WASHINGTON — In the aftermath of Republicans' election victories, defenders of the health care law are huddling — once again — in an effort to thwart GOP efforts to eviscerate the sweeping measure.
Groups that back the law aren't likely to coalesce around a single message to increase public support. Some patient groups, for example, are likely to try to steer clear of partisan politics and focus instead on promoting the law and pressing for its full implementation. Other groups, however, are likely to champion the law to rally the Democratic base for the 2012 elections.
But one thing is clear: This time around, the stakes go beyond the fate of the law itself. Many Republicans are citing the law as the prime example of a government that's out of control and a reason to put the GOP in charge of the White House and Congress.
"A week ago Tuesday was like a cold shower for some of the organizations that felt that job had been done, that health reform was enacted into law and will be a reality," says Ron Pollack, executive director of Families USA, a consumer group. "If anything, the election results are re-energizing the many groups that worked hard to get the legislation enacted."
Pollack hosted a session Tuesday with about 20 groups representing patients, labor, consumers and health care providers, among others. It was one of many meetings that backers of the law have held since the elections, and more such sessions are anticipated in the coming weeks.
Among the ideas of how to respond:
_ Service Employees International Union president Mary Kay Henry says supporters should promote items such as the law's small business tax credits and keeping adult children up to age 26 on their parents' health insurance and emphasize the law will "stop this trading of wages for health care that has been going on in the economy for decades."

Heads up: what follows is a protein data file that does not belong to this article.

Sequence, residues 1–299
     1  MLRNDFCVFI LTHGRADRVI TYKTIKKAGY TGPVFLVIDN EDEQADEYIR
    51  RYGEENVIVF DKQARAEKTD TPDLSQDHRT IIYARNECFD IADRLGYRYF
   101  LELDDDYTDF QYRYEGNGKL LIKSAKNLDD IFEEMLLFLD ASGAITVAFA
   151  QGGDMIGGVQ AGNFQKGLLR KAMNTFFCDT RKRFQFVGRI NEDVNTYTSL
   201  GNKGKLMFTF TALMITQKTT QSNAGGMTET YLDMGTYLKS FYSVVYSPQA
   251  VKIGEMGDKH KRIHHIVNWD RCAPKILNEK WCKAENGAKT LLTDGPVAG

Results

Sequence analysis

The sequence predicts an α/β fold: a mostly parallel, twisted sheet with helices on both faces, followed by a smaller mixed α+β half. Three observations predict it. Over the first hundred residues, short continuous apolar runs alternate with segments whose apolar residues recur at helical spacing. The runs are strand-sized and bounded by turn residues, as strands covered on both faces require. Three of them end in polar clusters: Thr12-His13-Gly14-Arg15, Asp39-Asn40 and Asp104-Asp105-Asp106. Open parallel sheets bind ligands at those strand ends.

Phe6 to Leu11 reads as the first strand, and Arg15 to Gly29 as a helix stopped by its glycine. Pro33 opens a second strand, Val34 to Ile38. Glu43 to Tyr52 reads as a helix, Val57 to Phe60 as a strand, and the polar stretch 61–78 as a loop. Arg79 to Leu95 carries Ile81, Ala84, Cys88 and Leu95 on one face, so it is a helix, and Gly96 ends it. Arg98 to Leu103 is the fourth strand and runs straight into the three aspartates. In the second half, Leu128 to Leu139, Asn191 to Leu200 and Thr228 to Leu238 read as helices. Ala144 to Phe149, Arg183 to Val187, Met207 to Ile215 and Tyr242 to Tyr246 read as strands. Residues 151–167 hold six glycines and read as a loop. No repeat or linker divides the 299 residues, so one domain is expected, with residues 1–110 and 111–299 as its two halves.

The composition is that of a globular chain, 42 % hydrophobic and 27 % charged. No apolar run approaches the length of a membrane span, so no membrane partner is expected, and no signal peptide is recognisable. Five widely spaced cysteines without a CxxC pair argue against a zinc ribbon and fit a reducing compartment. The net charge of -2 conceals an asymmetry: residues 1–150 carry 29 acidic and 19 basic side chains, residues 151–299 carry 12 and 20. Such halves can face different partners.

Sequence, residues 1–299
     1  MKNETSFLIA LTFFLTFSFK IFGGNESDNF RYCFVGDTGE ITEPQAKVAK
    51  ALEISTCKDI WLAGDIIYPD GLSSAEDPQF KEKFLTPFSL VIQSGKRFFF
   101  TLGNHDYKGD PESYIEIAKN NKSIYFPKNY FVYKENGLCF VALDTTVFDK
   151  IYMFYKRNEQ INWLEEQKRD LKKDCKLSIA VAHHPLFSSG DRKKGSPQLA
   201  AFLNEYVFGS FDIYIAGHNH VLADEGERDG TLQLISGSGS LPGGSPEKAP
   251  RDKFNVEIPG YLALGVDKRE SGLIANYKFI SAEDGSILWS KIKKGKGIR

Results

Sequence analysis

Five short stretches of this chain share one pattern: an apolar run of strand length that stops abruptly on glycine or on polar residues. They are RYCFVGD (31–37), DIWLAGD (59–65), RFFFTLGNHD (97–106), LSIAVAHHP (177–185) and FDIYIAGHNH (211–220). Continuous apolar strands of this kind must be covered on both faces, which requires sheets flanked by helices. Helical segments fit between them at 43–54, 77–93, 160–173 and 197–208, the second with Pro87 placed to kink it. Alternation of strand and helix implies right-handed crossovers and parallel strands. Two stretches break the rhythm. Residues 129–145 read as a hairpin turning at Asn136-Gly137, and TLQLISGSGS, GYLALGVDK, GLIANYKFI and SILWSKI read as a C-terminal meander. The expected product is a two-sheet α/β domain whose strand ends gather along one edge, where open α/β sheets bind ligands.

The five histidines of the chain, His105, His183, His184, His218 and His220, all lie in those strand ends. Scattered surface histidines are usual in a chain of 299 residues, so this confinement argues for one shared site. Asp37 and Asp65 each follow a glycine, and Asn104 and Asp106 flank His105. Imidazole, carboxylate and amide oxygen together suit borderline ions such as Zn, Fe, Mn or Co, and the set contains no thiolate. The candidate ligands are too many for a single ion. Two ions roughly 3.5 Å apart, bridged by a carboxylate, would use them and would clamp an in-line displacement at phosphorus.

_ Consumers Union's DeAnn Friedholm says helping states' implementation efforts — in particular their oversight of health insurance rates — is critical, as is helping consumers understand how the provisions work.
_ Health Care for America Now executive director Ethan Rome says advocates must make it clear what repealing the law or its major provisions would really mean. "The law gets the insurance companies off the backs of the consumers," he says. "The Republican repeal mongers want to give health care back to the insurance industry. That is what it boils down to."
Republican opponents of the health law say such approaches aren't likely to succeed.
"I honestly don't think this bill will survive until 2014," says Douglas Holtz-Eakin, a former Congressional Budget Office director who is now president of the American Action Forum. "It will fall under its own fiscal weight if nothing else. We can't afford it."
Other Republicans say the problem isn't the messages Democrats have used to try to explain the law, but public opposition to the law itself.
Some advocates say that the benefits of the law — such as prohibitions on lifetime limits and cancellations of insurance once individuals get sick — got drowned out in a loud and nasty political season.
Others reject that analysis.
"It's baloney to say that they didn't explain things well enough," says Joseph Antos of the American Enterprise Institute. Antos says that one of the Democrats' main problems was that while some benefits took effect Sept. 23, they wouldn't actually kick in until January, when most new insurance plan years start. So for most voters, he says, "almost nothing happened" before the election.
Backers of the law say they look forward to tackling Republicans' claims against the measure. Dropping the Medicaid expansion or reducing subsidies, for example, would leave millions of Americans without health care coverage, they say. Cutting off funding would hamper state implementation of the law, including review of health insurance premium increases.
Holtz-Eakin and other opponents of the law also welcome a closer look. "That's a lot of what oversight is. It's a chance to communicate about big flaws," he said.
(Kaiser Health News is an editorially independent news service and is a program of the Kaiser Family Foundation, a nonpartisan health care policy research organization that's not affiliated with Kaiser Permanente.)
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